Evidence of Prior Construction Defects is Admissible for purposes of a Punitive Award in South Carolina

With all the hype surrounding the Crossman decisions, it can be easy to miss other important opinions published by the courts in South Carolina. Recently, the South Carolina Court of Appeals upheld a punitive damage award challenged on the basis that evidence of similar defects at other projects developed, constructed, and sold by defendant Heritage Communities were similar to the construction defects alleged before the circuit court. “Based on the foregoing, the construction defects at the other HCI developments were substantially similar to those experienced by Magnolia North. Further, the evidence is admissible to prove many of the elements required for a punitive damages award. See Mitchell v. Fortis Ins. Co., 385 S.C. 570, 584-89, 686 S.E.2d 176, 183-86 (2009) (listing guideposts to consider in conducting a review of a punitive damages award)[7]; Gamble v. Stevenson, 305 S.C. 104, 111-12, 406 S.E.2d 350, 354 (1991) (listing factors to consider in conducting a review of punitive damages).”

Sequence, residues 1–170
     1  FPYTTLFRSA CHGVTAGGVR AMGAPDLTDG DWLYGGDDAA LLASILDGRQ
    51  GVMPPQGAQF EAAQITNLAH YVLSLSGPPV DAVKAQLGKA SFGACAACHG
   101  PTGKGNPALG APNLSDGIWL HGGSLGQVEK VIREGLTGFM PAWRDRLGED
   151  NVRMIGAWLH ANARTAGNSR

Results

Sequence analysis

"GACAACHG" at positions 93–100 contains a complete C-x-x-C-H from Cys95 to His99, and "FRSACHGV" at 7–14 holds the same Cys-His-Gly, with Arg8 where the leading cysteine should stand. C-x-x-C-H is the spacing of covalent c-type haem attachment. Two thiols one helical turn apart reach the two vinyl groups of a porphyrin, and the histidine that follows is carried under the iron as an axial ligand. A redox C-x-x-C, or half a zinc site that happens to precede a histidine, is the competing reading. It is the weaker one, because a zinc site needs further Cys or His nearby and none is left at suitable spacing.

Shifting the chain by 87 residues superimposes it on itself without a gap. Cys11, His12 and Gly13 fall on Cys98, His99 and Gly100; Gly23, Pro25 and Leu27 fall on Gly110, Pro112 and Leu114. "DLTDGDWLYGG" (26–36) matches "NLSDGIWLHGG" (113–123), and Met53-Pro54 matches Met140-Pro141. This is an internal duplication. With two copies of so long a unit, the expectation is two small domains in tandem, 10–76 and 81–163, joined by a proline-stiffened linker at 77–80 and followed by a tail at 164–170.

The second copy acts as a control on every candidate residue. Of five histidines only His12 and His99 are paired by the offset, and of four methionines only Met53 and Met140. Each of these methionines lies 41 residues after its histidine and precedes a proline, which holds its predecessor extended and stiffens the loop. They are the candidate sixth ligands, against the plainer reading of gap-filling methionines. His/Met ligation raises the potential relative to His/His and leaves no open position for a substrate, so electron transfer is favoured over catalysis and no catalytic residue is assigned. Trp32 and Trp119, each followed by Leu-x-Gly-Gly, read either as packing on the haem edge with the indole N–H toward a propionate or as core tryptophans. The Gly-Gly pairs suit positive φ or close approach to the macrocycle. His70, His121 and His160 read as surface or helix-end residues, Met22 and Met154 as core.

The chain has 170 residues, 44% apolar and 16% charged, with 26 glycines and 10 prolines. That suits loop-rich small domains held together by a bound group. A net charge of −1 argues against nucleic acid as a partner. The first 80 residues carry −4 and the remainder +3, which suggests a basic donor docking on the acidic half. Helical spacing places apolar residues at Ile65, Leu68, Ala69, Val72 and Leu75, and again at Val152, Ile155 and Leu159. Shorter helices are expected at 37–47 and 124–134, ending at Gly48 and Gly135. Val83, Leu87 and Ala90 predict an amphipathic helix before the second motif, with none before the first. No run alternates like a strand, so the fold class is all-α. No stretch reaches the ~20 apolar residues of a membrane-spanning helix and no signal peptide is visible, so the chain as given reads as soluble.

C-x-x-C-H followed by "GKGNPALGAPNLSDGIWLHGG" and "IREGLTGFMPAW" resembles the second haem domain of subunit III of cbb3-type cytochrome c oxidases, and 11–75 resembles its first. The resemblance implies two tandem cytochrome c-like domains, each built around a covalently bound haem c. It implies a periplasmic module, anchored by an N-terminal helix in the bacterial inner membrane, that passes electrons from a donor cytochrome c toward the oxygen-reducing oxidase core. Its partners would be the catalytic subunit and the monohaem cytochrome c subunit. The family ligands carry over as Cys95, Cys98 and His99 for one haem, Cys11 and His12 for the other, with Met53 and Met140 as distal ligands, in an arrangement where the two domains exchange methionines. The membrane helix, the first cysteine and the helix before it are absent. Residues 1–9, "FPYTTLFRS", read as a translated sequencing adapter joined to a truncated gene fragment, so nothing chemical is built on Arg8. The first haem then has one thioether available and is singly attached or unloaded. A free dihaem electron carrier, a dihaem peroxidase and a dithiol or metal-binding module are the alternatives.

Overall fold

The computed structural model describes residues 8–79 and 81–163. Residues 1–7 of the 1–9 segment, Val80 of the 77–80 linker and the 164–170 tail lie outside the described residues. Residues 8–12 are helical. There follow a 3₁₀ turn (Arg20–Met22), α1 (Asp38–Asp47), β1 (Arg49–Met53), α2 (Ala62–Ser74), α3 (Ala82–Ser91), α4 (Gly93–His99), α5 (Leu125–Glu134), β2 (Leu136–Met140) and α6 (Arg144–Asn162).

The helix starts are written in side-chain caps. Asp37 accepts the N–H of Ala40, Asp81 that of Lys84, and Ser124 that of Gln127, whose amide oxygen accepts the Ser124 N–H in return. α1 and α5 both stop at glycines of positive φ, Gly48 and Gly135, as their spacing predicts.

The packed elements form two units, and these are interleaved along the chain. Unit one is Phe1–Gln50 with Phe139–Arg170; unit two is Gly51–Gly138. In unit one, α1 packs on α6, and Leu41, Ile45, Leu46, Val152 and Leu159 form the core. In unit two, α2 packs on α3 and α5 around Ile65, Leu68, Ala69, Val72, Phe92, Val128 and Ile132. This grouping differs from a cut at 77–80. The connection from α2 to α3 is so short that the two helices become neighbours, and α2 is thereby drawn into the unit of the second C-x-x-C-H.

The court also ruled it was of no consequence that HCI is now out of business and, thus, a punitive award would not serve as a deterant to future bad acts.

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